# How to "correct for" a categorical variable on an outcome

I want to compare the outcomes of individual subjects. This outcome changes systematically depending on the subject's location (e.g. it will always be lower in a certain location). I want to be able to compare this metric across subjects in different locations (i.e. to be able to see if a subject in one location is better/worse than a subject in another location).

The only thing I've come up with is to group the subjects by location, standardise their outcomes as Z-scores in these subgroups, then use those scores as the "outcome" to compare. Is this sound?

Edit for more detail: The 'outcome' I'm looking at is a performance measure (think a KPI) that is calculated over a period of time (number of detections/items searched). It's not a change from baseline measures. This differs between locations because of more/less opportunity (fewer things to detect in some locations).

• Do you measure the subjects multiple times - for example at the start and end, in order to determine outcome ? Please provide more info about the study design and your research questions. Commented Aug 17, 2021 at 13:03
• Do you mean something like "Subject 1 in location A is one standard deviation about the mean of A, and subject 2 in location B is two standard deviations above the mean of location B, so subject 2 is doing better, despite the lower measurement"? (Think of having \$2 million now vs \$1 million a hundred years ago. The number of today's dollar is larger, but who is wealthier?)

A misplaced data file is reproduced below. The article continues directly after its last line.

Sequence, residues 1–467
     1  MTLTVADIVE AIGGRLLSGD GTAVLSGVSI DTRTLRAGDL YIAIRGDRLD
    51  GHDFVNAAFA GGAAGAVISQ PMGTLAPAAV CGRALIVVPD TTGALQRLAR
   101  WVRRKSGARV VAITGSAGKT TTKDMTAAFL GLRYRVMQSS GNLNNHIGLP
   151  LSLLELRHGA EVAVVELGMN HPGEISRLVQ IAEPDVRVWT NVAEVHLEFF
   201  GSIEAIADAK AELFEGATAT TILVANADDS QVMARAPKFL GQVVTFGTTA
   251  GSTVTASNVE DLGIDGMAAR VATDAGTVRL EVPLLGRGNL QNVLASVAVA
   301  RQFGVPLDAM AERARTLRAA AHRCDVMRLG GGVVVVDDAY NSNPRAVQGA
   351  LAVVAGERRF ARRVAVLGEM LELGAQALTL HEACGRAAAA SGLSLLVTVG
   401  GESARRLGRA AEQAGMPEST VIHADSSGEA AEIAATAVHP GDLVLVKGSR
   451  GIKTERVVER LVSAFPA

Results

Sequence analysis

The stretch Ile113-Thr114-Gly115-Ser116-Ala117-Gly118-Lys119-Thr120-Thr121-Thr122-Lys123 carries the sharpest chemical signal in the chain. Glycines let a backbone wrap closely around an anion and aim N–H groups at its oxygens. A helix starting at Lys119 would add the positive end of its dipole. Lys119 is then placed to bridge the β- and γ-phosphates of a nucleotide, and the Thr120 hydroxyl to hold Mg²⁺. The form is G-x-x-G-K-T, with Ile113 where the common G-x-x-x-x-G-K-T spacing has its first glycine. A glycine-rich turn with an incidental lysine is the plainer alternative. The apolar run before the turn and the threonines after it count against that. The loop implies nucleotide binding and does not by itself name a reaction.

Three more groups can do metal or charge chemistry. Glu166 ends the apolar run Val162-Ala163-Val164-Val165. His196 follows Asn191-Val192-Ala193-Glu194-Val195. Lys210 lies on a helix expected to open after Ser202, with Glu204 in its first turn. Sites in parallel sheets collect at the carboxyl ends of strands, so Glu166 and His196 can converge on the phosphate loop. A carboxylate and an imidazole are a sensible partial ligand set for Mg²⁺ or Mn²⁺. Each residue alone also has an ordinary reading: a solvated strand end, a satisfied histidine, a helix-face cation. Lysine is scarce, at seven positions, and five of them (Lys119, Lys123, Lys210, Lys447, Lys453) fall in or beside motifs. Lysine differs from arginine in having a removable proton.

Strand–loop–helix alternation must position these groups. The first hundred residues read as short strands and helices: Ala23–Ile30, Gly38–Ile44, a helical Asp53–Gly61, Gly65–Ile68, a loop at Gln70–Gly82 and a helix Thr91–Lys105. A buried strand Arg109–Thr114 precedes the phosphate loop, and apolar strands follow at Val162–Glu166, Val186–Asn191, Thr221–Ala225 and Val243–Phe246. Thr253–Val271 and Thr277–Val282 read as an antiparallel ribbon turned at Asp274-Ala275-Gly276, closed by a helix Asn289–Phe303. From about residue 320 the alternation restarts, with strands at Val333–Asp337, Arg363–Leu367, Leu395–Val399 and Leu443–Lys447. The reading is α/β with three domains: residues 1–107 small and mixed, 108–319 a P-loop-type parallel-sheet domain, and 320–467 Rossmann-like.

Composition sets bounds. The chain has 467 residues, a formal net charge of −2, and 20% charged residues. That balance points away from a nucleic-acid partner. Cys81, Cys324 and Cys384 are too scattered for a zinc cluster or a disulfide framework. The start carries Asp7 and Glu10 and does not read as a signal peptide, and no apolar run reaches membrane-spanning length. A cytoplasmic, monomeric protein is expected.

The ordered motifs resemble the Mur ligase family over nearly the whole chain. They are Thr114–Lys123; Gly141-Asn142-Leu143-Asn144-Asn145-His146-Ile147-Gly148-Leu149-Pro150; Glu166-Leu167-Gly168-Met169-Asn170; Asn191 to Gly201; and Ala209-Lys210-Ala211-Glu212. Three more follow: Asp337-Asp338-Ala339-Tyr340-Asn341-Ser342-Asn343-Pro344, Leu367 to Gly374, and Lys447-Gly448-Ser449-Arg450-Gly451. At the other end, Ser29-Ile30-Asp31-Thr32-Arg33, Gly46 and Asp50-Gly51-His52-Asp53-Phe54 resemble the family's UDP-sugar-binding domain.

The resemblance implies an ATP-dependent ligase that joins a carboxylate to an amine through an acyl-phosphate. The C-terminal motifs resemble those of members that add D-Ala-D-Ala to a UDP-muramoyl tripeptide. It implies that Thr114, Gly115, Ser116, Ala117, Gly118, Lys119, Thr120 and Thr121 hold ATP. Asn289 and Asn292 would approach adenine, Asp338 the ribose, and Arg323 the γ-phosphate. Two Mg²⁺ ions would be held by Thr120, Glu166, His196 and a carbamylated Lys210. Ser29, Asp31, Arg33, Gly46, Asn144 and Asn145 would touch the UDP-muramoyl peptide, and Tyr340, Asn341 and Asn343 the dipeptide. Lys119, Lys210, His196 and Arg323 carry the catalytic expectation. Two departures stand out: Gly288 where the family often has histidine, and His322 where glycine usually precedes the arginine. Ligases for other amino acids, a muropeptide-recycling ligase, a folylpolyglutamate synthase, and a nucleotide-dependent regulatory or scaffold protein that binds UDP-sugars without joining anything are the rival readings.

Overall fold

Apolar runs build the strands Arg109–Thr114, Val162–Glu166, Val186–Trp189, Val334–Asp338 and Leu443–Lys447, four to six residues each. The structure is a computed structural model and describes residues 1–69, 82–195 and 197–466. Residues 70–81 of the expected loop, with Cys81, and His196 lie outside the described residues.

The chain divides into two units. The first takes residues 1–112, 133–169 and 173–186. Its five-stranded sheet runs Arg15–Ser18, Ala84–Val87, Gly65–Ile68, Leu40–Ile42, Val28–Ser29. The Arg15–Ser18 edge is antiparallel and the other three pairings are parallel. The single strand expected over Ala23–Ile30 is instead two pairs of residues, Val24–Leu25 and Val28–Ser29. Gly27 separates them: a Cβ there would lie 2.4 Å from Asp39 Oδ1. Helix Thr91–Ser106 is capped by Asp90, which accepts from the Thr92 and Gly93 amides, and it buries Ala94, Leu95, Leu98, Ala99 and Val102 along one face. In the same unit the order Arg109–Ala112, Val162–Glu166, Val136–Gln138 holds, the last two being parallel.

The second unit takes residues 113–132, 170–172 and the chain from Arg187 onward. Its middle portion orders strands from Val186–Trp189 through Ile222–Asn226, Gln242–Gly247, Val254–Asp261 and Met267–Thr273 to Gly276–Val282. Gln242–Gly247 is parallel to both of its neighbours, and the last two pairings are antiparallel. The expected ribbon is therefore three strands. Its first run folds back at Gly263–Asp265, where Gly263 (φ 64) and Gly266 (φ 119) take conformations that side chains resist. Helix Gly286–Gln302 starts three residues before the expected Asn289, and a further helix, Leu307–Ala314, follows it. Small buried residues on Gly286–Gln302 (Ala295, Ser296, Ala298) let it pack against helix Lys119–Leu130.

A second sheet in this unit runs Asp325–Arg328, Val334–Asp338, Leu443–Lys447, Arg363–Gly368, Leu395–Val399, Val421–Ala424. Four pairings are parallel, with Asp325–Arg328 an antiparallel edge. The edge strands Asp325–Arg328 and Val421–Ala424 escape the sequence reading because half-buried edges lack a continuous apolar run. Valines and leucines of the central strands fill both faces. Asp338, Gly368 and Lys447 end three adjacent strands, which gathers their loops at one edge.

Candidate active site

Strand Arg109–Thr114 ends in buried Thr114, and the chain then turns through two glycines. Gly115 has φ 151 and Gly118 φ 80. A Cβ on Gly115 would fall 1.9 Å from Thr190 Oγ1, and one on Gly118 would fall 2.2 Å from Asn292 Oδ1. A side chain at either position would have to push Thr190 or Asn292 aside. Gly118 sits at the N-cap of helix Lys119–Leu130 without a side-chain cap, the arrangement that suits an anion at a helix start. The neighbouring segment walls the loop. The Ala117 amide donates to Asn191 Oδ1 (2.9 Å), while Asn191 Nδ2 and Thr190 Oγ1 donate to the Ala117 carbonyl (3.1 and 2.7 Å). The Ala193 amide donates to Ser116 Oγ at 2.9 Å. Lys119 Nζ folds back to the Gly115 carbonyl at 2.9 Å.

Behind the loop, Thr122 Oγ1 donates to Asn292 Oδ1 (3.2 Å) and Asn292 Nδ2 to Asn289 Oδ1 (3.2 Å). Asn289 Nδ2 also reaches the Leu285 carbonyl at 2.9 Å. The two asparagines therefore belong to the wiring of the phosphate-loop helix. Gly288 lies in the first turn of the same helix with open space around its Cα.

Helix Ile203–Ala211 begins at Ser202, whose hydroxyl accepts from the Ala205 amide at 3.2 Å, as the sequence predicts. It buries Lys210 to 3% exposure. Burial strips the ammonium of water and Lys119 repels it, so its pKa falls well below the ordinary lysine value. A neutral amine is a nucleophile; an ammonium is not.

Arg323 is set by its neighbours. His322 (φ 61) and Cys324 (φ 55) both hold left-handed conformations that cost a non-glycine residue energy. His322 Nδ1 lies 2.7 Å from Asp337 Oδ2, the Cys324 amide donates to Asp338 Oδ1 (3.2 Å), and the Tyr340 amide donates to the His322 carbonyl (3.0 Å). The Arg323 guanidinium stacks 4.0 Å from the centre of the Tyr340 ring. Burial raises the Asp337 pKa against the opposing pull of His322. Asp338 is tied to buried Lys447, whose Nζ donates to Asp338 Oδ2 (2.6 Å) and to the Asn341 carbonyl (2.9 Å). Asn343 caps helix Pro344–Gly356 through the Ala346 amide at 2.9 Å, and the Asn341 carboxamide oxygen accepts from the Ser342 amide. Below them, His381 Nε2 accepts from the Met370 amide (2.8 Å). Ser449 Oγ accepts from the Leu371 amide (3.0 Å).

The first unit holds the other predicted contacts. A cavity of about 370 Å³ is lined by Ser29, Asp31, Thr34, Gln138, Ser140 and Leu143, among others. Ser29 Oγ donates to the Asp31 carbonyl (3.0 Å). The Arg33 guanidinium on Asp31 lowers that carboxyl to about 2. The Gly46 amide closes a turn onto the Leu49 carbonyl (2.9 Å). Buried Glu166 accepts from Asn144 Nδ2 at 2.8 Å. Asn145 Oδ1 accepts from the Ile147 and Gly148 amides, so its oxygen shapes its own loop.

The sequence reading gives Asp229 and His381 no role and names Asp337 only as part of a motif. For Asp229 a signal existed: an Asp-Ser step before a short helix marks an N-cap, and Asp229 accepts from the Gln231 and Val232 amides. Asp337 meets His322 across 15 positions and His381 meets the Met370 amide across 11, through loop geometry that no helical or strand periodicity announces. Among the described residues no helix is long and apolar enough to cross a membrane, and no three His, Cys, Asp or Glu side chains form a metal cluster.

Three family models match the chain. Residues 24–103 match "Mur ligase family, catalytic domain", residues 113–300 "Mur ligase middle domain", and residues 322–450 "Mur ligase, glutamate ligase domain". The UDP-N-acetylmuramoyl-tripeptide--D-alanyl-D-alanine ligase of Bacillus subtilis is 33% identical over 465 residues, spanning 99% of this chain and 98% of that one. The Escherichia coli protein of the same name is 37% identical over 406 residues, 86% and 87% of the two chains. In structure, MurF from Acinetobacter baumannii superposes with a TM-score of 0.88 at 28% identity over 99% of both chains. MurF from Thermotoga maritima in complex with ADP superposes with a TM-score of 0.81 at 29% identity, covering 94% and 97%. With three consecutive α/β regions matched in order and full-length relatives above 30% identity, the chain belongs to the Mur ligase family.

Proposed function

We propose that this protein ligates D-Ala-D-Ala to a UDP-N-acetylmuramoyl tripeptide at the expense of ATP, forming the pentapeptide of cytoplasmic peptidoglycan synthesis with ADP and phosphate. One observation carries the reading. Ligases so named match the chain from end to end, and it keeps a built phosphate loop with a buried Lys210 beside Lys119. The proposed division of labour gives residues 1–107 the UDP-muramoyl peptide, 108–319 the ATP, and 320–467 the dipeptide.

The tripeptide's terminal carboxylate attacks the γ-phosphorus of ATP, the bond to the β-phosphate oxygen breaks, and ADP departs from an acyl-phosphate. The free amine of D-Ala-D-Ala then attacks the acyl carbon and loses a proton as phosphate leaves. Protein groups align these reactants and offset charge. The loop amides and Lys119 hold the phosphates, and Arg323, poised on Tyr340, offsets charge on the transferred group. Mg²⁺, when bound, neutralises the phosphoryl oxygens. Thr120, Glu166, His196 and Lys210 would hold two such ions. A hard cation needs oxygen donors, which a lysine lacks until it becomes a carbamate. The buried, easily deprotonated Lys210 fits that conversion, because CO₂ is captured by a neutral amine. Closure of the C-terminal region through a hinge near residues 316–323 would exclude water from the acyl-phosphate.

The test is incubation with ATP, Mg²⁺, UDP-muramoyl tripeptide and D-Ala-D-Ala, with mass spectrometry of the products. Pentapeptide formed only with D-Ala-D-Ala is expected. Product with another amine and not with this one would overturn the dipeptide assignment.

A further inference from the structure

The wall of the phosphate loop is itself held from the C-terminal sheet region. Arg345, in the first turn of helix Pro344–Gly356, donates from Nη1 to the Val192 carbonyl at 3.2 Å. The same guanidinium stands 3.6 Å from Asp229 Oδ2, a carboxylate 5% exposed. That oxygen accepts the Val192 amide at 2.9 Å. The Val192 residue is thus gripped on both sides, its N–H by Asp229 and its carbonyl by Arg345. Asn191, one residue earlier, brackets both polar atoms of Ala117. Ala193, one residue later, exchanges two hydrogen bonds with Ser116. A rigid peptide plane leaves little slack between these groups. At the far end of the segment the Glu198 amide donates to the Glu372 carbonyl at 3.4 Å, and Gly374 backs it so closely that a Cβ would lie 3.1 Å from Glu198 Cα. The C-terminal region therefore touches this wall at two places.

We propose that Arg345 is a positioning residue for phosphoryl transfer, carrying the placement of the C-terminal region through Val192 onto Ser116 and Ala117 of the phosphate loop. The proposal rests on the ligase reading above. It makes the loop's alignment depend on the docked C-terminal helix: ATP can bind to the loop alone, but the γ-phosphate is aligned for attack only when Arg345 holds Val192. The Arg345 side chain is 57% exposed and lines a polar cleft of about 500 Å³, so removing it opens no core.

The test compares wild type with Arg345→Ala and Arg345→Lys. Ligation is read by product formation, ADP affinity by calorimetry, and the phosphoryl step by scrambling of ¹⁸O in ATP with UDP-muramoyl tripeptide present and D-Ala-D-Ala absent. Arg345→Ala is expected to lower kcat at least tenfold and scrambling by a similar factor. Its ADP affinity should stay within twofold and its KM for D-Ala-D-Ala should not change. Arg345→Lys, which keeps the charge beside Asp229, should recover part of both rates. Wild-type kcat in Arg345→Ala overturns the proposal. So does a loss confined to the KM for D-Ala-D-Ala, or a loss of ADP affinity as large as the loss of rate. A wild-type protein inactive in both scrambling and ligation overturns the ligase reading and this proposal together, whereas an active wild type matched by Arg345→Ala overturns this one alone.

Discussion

– Dave
Commented Aug 17, 2021 at 13:33
• @Dave - yes, pretty much. The metric might be smaller for an individual in a certain location, but they are actually performing better than an individual at another location.
– Ella
Commented Aug 18, 2021 at 2:15
• @RobertLong - sorry, I've edited my post to be more clear. The 'outcome' I'm looking at is a performance measure (think a KPI) that is calculated over a period of time (number of detections/items searched). It's not a change from baseline measures. This differs between locations because of more/less opportunity (fewer things to detect in some locations).
– Ella
Commented Aug 18, 2021 at 2:15
• Then I repeat my question about the millionaires: who is wealthier? Why?
– Dave
Commented Aug 18, 2021 at 2:39